Automatic symmetry plane estimation of bilateral objects in point clouds

Benoît Combès 1 Robin Hennessy 2 John Waddington 2 Neil Roberts 3 Sylvain Prima 1
1 VisAGeS - Vision, Action et Gestion d'informations en Santé
INSERM - Institut National de la Santé et de la Recherche Médicale : U746, Inria Rennes – Bretagne Atlantique , IRISA-D5 - SIGNAUX ET IMAGES NUMÉRIQUES, ROBOTIQUE
Abstract : In this paper, the problem of estimating automatically the symmetry plane of bilateral objects (having perfect or imperfect mirror symmetry) in point clouds is reexamined. Classical methods, mostly based on the ICP algorithm, are shown to be limited and complicated by an inappropriate parameterization of the problem. First, we show how an adequate parameterization, used in an ICP-like scheme, can lead to a simpler, more accurate and faster algorithm. Then, using this parameterization, we reinterpret the problem in a probabilistic framework, and use the maximum likelihood principle to define the optimal symmetry plane. This problem can be solved efficiently using an EM algorithm. The resulting iterative scheme can be seen as an ICP-like algorithm with multiple matches between the two sides of the object. This new algorithm, implemented using a multiscale, multiresolution approach, is evaluated in terms of accuracy, robustness and speed on ground truth data, and some results on real data are presented.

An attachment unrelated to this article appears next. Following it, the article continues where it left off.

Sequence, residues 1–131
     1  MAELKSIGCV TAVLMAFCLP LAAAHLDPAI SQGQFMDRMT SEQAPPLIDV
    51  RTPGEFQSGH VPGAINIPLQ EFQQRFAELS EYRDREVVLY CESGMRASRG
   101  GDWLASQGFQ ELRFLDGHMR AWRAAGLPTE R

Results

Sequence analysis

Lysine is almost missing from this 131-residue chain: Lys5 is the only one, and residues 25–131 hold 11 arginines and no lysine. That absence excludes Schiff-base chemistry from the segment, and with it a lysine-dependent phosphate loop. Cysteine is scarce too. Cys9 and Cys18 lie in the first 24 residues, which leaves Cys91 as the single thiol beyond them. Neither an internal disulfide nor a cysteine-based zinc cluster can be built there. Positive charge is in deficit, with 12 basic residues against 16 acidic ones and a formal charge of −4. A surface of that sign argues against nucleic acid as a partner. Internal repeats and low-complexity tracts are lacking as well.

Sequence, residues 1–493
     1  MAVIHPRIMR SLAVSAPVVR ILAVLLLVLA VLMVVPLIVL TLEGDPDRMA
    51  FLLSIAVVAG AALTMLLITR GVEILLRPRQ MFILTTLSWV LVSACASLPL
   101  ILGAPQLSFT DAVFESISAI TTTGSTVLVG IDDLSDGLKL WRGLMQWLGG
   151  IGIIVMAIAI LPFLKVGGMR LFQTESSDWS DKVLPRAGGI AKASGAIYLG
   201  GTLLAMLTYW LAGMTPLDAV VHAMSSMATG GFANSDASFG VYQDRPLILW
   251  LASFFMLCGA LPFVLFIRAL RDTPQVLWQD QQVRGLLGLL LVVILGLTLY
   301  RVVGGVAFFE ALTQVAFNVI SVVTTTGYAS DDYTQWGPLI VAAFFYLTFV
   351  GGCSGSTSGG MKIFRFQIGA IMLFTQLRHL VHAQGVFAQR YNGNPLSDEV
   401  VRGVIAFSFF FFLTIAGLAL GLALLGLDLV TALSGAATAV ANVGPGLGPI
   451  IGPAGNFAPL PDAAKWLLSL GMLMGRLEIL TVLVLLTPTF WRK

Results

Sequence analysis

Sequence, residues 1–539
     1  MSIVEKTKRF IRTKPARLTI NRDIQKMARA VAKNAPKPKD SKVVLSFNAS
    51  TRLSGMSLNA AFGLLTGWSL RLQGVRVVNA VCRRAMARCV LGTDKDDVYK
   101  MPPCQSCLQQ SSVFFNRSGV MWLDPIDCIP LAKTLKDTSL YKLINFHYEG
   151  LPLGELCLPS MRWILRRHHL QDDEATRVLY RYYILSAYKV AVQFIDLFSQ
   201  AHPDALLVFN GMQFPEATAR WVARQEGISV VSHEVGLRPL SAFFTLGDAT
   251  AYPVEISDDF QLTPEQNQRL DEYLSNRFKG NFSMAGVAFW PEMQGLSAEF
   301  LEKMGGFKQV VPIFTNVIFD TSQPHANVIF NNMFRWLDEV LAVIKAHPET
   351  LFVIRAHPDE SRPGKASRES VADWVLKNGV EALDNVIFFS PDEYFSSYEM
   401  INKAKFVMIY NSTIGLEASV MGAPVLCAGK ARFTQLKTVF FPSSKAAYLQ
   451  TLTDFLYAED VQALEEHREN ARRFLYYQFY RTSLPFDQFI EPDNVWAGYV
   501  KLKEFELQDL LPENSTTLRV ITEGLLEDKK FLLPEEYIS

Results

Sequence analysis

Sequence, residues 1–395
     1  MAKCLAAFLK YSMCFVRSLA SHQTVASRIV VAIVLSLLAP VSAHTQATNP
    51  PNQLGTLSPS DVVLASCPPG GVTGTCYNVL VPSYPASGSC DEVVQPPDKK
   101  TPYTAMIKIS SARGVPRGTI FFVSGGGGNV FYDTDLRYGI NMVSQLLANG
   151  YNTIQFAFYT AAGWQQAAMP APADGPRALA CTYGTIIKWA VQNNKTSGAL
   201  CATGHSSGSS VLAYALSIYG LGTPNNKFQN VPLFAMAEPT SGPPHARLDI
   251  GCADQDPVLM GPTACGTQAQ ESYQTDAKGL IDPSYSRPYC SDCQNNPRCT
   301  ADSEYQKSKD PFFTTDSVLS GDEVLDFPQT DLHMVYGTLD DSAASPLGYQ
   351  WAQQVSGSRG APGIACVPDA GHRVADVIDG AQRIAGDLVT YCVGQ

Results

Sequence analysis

Document type :
Conference papers
Complete list of metadatas

Cited literature [24 references]  Display  Hide  Download

https://hal.inria.fr/inria-00331758
Contributor : Benoît Combes <>
Submitted on : Friday, October 17, 2008 - 3:40:18 PM
Last modification on : Tuesday, March 26, 2019 - 3:54:24 PM
Long-term archiving on : Tuesday, October 9, 2012 - 1:58:23 PM

File

cvpr2008CombesFinal.pdf
Files produced by the author(s)

Identifiers

Citation

Benoît Combès, Robin Hennessy, John Waddington, Neil Roberts, Sylvain Prima. Automatic symmetry plane estimation of bilateral objects in point clouds. IEEE Conference on Computer Vision and Pattern Recognition (CVPR'2008), Jun 2008, Anchorage, United States. ⟨10.1109/CVPR.2008.4587605⟩. ⟨inria-00331758⟩

Share

Metrics

Record views

526

Files downloads

1026